But as soon as a thin colorless glass was fixed between the plants and the light the pernicious influence ceased - a remedy acting in wonderfully quick time. Again, if the glass was fixed so as to intercept the light only on some parts of the plants, leaving others exposed to the naked rays, the influence of protection and exposure showed itself in one single night, and very markedly. The exposed parts looked shrunk, the protected parts looked sound and strong. And not the leaves alone showed the marks of the destructive power, but also, though less markedly, the young stems showed them after they had been exposed to the open light at a distance of about twenty feet from it.

Now, why does that glass shade protect the plants? The really illuminating rays are not obstructed by it. Stokes, however, has shown, in the year 1853, that the arc of electric light is rich in those invisible rays of great frangibility, which are of ultra violet color, and also that the greater part of them is absorbed by glass. It consequently seemed as though these were the enemies of plants, whilst the illuminating rays of less frangibility would stimulate their growth. To arrive at greater certainty, Mr. Siemens planted mustard and other quickly germinating seeds, dividing the ground in equal radii, so that all the plants should be at an equal distance from the light. Part of them were exposed to the naked light, another part was covered with a pane of glass, a third with yellow glass, a fourth with red, and a fifth with blue glass. The relative development of the plants was noted down every day, and the differences were of a marked character. The plants under the colorless glass were strong and healthy beyond all the rest. Next came those, under yellow glass; they were as large as the former in size, but color and thickness of stem were less than in the former. The plants under the red glass were lanky, and their leaves had a yellow tinge.

Under the blue glass they were still more lanky, and the leaves looked sickly. The plants under the naked light were worst of all, looking very poor, their leaves very dark and partly shrunk. These results agree with those which Mr. Draper in the year 1843 obtained, in his investigations of the influence on plants of the different colors of the solar spectrum, viz., that it is principally the yellow rays which work the disintegration of carbonic acid in the cells of the plants, and not the violet rays, contrary to their usual chemical effect.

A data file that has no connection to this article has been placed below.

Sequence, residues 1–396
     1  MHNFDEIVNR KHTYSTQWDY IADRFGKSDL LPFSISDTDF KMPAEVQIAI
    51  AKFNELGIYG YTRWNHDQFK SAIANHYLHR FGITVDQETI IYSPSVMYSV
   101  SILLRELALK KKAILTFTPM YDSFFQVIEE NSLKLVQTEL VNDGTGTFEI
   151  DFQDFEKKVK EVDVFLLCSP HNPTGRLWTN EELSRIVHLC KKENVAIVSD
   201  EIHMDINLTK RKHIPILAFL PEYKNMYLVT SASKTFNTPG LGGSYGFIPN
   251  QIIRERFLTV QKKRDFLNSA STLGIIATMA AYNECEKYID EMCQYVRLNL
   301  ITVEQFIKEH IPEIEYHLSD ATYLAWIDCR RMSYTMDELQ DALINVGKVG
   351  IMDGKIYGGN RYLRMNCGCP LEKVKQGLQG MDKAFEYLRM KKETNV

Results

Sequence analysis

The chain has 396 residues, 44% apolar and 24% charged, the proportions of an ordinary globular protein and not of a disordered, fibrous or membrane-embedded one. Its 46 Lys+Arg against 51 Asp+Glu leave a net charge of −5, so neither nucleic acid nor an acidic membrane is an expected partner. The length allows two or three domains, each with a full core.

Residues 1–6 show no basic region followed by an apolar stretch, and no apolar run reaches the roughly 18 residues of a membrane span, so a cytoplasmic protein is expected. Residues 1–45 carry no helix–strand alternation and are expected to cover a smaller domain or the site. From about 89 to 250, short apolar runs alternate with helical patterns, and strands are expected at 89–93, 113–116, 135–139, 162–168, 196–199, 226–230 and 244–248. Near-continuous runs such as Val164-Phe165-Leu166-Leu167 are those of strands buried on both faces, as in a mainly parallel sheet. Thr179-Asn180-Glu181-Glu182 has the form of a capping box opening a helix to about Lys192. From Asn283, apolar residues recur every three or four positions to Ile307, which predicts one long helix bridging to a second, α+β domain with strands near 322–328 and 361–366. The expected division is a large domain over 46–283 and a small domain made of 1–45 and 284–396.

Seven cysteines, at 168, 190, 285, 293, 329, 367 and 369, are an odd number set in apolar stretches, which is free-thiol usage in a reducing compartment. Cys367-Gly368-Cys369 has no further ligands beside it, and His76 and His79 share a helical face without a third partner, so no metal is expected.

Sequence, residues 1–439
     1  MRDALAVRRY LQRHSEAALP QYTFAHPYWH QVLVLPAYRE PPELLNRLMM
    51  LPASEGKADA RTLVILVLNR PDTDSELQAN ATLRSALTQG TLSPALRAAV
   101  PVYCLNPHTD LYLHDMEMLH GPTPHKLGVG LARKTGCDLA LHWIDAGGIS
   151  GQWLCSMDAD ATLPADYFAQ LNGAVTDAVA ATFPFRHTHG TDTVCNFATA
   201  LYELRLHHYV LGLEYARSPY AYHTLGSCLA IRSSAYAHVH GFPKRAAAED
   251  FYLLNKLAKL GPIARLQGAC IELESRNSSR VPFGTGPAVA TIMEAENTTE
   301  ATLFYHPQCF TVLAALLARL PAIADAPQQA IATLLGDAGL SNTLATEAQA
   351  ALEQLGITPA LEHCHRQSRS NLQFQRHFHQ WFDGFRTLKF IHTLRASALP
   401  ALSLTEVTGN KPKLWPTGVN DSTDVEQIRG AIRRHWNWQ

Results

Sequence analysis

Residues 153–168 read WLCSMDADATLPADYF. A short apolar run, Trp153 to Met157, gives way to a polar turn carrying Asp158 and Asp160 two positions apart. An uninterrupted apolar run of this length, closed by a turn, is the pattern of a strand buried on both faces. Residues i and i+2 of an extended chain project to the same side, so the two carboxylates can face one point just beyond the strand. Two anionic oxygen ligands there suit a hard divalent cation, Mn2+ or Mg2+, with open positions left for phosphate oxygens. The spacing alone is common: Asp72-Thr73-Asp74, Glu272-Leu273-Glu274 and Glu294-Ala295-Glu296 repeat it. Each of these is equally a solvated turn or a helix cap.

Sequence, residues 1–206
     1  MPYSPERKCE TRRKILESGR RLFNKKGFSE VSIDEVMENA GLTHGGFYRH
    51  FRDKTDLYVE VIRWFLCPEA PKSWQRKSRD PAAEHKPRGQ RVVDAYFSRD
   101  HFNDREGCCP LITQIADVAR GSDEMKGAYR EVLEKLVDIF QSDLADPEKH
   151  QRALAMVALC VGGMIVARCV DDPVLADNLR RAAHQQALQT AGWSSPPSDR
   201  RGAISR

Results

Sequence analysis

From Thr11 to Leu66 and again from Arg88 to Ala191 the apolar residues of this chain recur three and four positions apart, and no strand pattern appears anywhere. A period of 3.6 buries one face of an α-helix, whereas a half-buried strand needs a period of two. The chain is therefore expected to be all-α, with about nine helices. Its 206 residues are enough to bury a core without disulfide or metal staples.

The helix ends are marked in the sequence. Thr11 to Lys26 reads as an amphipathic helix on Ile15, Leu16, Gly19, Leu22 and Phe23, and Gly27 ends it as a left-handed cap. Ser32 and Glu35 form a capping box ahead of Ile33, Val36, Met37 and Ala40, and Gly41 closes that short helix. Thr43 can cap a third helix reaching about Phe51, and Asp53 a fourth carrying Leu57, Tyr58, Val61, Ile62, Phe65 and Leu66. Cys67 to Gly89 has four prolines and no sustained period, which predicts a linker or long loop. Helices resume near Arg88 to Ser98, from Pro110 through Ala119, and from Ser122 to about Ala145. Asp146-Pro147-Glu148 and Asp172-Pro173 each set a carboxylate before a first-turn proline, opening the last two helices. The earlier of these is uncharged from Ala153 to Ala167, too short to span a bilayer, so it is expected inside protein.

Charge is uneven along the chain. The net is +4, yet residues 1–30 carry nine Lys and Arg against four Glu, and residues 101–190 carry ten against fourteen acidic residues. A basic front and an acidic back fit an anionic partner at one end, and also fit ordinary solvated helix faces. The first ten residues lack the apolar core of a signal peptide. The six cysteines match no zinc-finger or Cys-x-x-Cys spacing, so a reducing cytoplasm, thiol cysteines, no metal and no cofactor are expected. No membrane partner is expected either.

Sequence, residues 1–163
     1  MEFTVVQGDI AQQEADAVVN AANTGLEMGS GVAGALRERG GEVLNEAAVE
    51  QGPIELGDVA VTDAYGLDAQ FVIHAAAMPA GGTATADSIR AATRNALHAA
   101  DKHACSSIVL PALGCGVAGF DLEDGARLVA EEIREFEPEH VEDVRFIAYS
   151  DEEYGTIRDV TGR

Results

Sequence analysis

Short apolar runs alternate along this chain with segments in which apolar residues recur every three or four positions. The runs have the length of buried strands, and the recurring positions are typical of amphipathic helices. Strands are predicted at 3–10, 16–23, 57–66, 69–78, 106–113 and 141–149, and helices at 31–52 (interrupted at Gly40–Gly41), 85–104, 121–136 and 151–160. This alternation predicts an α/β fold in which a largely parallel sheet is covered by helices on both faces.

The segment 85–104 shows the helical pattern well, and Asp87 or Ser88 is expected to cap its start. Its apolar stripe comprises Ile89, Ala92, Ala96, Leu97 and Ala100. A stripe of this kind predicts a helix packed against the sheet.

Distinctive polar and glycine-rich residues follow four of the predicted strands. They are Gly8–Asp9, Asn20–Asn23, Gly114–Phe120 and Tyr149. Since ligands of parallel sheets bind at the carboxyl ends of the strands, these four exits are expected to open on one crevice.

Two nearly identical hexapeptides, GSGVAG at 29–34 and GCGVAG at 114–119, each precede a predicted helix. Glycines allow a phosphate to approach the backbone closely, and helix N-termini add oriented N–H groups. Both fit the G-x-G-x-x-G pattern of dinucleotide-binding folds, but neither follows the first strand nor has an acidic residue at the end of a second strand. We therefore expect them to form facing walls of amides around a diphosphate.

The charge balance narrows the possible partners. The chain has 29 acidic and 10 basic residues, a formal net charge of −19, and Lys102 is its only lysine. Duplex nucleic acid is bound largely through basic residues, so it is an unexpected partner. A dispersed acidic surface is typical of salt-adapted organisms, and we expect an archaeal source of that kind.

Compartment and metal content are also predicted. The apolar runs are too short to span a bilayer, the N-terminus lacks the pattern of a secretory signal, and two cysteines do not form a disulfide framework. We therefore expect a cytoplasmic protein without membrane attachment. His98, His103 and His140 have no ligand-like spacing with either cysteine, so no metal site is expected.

Mr. Siemens, after these experiments, put a glass shade round the electrical lamp, and obtained marvelous results. Peas, sown end of October, gave a ripe crop on the 16th of February. Raspberry plants, brought into the greenhouse on the 16th of December, had ripe fruit on the first of March ; and strawberries, planted at about the same time, bore ripe fruit of superior flavor on the 14th of February. Grapevines making shoots on the 26th of December, bore ripe grapes on the 10th of March, but these were more acid than usual. Wheat, oats and barley grew with tremendous rapidity, but did not ripen in proportion to their strength, they had grown too fast, and when twelve inches high had fallen to the ground. When sown out of doors, and exposed until beginning of May to the electrical light, hung in the open air, after having been sown on the 5th of January, and retarded in their growth for some time by snow and frost, they developed quickly as soon as mild weather set in, and had ripe grains end of June following.